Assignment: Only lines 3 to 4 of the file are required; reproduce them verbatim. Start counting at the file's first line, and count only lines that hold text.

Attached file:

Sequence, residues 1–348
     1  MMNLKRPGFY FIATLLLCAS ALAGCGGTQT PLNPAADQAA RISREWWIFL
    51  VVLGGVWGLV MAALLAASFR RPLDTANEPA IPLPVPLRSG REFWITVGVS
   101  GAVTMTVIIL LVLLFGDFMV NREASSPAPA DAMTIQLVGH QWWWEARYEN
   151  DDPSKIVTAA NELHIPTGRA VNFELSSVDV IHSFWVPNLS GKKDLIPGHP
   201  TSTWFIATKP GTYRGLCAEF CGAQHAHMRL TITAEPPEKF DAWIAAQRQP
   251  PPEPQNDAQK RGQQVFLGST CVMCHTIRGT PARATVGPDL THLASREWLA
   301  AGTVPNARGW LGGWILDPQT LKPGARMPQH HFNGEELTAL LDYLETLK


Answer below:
    51  VVLGGVWGLV MAALLAASFR RPLDTANEPA IPLPVPLRSG REFWITVGVS
   101  GAVTMTVIIL LVLLFGDFMV NREASSPAPA DAMTIQLVGH QWWWEARYEN